I just want you to be happy with me!

Friday, June 21, 2013

ADHD Combined Type or Plain Old Lazy?

Parents, teachers, and coworkers often mistake ADHD combined type for a lack of ambition or general laziness. ADHD combined type differs from what we traditionally consider laziness in several important ways, and it’s important for people with ADHD to understand that they are not lazy or failures, but reacting to very real brain differences.

My sixth grade teacher was sure that I was toying with her. I couldn’t do the 100 page color-by-number packet that she sent home, even though it was ‘fun’ work and should only take a few hours. I took a zero instead. Then a few weeks later, I turned around and finished an entire pre-algebra book that she’d given me for enrichment in a few days of non-stop math immersion. 

When she assigned a simple poster project, I put mine off until bedtime the night before and threw it together in 15 minutes without using a straightedge or bothering to make sure my letters were neat and uniform. Then, when we had to write poems on Ancient Egypt, I turned in two times the minimum number, lovingly crafted and revised, and went on to win a prestigious county-wide literary prize. 

 I was clearly lazy, obstinate, and refused to work up to my potential, except when I exceeded expectations. Obviously, I was out to make her crazy.

Thursday, June 20, 2013

One of My Favorite Articles that Touches on ADHD

I'm a delicate flower!

One of my favorite articles about kids with ADHD is this classic from the Atlantic Monthly. The article talks about orchid children and dandelion children. Dandelion children can survive anywhere. You can beat them up, lock them in a closet, and feed them a non-stop diet of Twinkies and Coca-Cola, and they'll still come out OK.

Orchid kids, on the other hand, tend to wobble between the extremes. In a supportive environment that encourages their strengths and teaches them to overcome their weaknesses, these kids become innovators, artists, entrepreneurs, and just generally amazing.  On the other hand, if their early environment is too chaotic, they can become washed up losers.

Wednesday, June 19, 2013

ADHD in the News: Are Stimulants the Answer?

An article published in the Wall Street Journal asks if American doctors may be repeating a mistake they made in the late 1960s.  In the 50's and 60's, it was common for doctors to prescribe 'uppers,' or amphetamines to mothers after childbirth to 'keep them from feeling tired.'  In fact, when I introduced my Grandmother to the song "Mothers Little Helper" by the Rolling Stones, she told me that that was precisely her experience with doctors after childbirth. They gave the mothers 'pep pills,' the way some doctors today prescribe iron supplements.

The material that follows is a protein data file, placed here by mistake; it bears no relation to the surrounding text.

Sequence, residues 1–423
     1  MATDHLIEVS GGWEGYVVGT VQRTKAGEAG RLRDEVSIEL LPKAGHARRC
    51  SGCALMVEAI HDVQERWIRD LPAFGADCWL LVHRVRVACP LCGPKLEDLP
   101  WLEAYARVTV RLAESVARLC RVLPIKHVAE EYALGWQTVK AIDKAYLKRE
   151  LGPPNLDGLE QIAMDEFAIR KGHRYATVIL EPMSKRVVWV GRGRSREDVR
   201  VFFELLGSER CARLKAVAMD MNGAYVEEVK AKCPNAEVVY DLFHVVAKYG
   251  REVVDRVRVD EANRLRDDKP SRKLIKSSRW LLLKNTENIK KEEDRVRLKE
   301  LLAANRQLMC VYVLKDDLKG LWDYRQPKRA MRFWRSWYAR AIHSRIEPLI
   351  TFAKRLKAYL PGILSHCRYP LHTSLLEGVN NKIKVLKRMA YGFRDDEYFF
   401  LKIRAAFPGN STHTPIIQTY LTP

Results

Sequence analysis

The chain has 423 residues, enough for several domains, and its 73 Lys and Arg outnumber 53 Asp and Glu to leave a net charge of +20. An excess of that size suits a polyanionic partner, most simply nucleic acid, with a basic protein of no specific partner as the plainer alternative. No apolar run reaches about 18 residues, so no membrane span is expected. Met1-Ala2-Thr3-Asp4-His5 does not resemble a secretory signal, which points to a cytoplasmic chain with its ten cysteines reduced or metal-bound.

Eventually, new regulations on amphetamines helped reduce demand for the drugs. Then, the ADHD crisis hit.  According to the authors, 20% of boys currenlty attending school will be diagnosed with, and medicated for, ADHD. In a sense, we're conducting a huge experiment on the effects of long-term amphetamine use on the male population. While some percentage of the boys may need medication, when prescriptions hit 1/5 of the population, we've probably crossed the line into medicating 'normal' rather than 'ill.'

Friday, June 14, 2013


Welcome to the ADHD Guide to Life and Literature. I've lived my whole life with ADHD, and have built a successful career as a freelance writer and educator. This site exists to introduce readers to my ADHD Literature Guides and to share useful research, tips, and advice about living with ADHD.

In addition to ruthlessly flogging my entertaining literature guides (because, lets face it, most study guides are harder to slog through than the books they claim to represent), this site will also feature articles on succeeding at academics and life with ADHD.

Expect upcoming articles on homeschooling with ADHD, overcoming procrastination, parenting your ADHD kids, and various updates on the latest ADHD research.  I hope that you'll find this site and my literature guides indispensable tools for living with ADHD.